Chinese authorities on Jan. 19 reported one new death as a result of a viral pneumonia. Also, another 136 patients were infected, raising the global number of infections to more than 200.
That is the largest increase since the virus first emerged in the central Chinese city of Wuhan in late December.
The pneumonia disease has killed three so far, all from Wuhan.
The city’s Ministry of Health said that the new patients, aged from 25 to 89, were infected before Jan. 18.
As of Sunday, at least 170 people remained in Wuhan hospitals for centralized treatment, with 35 of them in serious condition and nine critically ill. The officials said they are also monitoring 90 others who had close contact with the patients.
Some 700 miles away from Wuhan, Beijing also confirmed two cases of infection on Sunday, and Guangdong Province in southern China confirmed one case, marking the first confirmation that the virus has spilled to other parts of the country. The two patients in Beijing have recently been to Wuhan, according to state media.
Thailand confirmed two cases of the new viral pneumonia, while Japan has reported one. All had recently traveled to Wuhan.
Shenzhen, a southern city bordering Hong Kong, has also isolated two patients suspected of carrying the Wuhan virus.
The new numbers rolled in just as Canadian and U.S. health authorities both began screening passengers from Wuhan at three of each country’s biggest airports.
Other countries, including Singapore, South Korea, Thailand, Indonesia, Malaysia, the Philippines, and Taiwan, have also announced measures to strengthen entry detection measures as the Lunar New Year approaches: peak migration season when large numbers of Chinese travelers are going to travel across Asia.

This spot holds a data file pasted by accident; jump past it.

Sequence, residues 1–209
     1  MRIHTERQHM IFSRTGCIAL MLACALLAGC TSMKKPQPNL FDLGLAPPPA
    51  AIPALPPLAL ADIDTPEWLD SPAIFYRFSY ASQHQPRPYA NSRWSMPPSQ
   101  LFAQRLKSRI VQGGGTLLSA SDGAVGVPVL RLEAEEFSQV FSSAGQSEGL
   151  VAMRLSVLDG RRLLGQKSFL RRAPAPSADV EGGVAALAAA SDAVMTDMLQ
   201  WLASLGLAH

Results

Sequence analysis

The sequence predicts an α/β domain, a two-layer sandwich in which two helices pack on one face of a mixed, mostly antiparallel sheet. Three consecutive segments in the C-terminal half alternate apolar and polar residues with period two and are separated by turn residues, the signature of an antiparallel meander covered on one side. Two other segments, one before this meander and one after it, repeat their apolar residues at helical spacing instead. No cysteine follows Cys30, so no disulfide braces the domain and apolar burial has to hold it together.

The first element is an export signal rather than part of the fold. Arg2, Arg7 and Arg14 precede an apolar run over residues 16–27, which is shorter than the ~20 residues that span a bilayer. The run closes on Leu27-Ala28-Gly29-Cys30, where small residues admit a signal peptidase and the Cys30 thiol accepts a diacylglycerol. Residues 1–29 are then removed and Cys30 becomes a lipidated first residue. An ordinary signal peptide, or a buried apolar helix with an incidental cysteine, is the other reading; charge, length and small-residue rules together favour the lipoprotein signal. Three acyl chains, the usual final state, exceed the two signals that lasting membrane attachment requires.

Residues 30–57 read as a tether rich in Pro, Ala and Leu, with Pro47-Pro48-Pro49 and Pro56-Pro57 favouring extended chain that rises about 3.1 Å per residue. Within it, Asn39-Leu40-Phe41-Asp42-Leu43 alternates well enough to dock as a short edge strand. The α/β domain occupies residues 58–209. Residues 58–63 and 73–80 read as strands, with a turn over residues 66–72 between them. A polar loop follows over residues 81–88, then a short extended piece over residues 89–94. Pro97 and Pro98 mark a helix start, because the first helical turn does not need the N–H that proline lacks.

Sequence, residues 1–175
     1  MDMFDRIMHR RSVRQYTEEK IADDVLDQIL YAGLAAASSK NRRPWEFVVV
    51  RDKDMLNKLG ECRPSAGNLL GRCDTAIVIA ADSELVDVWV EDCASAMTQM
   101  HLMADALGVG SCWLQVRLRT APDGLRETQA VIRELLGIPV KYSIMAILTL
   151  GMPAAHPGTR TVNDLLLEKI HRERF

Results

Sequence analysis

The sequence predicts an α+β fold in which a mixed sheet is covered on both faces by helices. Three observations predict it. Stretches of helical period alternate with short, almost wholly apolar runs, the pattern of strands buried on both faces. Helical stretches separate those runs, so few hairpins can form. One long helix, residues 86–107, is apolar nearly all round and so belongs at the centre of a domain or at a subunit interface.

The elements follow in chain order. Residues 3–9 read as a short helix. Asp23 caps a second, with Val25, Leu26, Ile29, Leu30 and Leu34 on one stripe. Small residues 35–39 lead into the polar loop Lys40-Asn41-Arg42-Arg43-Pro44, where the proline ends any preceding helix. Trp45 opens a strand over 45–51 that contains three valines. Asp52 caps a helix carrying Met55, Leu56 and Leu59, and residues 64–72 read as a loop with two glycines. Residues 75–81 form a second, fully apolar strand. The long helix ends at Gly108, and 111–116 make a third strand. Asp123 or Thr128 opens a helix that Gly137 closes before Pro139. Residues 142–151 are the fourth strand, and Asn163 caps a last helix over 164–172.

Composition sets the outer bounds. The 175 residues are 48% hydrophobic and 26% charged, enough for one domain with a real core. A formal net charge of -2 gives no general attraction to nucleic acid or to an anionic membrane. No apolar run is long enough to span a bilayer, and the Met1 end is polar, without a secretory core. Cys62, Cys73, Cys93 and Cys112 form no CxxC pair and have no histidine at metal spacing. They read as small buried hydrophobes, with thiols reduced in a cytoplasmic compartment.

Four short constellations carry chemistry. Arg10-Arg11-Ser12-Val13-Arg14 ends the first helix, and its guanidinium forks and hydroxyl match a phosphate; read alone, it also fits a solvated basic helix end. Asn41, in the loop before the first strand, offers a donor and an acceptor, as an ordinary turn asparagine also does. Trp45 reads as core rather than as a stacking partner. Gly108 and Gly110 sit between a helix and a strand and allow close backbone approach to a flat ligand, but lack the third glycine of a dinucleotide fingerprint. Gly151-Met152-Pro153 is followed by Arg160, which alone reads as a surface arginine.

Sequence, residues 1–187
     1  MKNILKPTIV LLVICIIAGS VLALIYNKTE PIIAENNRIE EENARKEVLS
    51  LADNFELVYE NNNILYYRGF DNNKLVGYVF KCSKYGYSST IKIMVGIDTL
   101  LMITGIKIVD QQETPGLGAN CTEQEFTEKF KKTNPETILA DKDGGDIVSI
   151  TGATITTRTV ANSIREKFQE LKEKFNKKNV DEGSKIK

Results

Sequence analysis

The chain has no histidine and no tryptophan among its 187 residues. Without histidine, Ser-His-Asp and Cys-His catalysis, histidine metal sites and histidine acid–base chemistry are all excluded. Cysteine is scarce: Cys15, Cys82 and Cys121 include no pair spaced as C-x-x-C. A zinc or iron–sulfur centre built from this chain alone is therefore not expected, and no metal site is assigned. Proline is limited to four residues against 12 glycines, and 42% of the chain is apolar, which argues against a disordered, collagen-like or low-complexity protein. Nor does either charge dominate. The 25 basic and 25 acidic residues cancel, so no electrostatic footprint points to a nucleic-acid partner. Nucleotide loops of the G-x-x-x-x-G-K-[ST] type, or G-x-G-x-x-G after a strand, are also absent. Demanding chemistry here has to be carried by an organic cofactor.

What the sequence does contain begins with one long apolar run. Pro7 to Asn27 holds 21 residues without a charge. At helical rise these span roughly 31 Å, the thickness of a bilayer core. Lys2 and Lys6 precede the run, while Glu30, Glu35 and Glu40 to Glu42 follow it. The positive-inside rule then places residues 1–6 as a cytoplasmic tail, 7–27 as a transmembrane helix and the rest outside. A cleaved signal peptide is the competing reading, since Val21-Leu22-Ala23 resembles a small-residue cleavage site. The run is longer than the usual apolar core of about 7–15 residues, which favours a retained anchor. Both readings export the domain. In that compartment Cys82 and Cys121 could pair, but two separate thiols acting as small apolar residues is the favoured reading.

Many More Cases Possible
The Imperial College London’s Medical Research Council Centre for Global Infectious Disease Analysis released a report on Jan. 17, in which researchers estimated that 1,723 people in Wuhan could potentially have the illness.
The calculation was based on the number of infection cases outside of China, number of passengers at the Wuhan airport, daily international passengers flying out of Wuhan, and the number of days before the international cases are discovered.
One of the researchers, Neil Ferguson, said there is a possibility that the infection numbers may be significantly underreported in China.
A likely reason for the large discrepancy between the report’s estimate and the officially reported data is that the infection is in fact “widely disseminated across the population,” Ferguson said.
He noted that the Chinese authorities’ testing was insufficient, largely concentrating on people with exposure to a live animal and seafood market in the city, which authorities have linked with the spread of the disease.
“They should be getting widespread testing of people reporting respiratory diseases with pneumonia hospitals across the city,” he said.
Some of the patients in Wuhan, as well as the patients in Thailand and Japan, have not been to the seafood market, raising fears that the virus may be able to spread from person to person. Chinese officials, as well as the World Health Organization and the U.S. Centers for Disease Control and Prevention, have acknowledged a chance of human-to-human transmission.
Ferguson also said it was possible.
“If hundreds of people have been affected, it’s quite unlikely to just be due to the exposure to the market … so some degree of human-to-human transmission is quite likely to have occurred,” he said. “We know similar viruses and transmission is possible in some circumstances.”
He said that the current situation calls for more transparency and information sharing from the Chinese side in order to prevent its global spread.
Ferguson also said this virus has similarities to SARS (severe acute respiratory syndrome) and MERS (Middle East respiratory syndrome), though it appears much milder in terms of threats.
A previous version of this article misstated when Beijing authorities reported its cases of infection. The Epoch Times regrets the error.
From The Epoch Times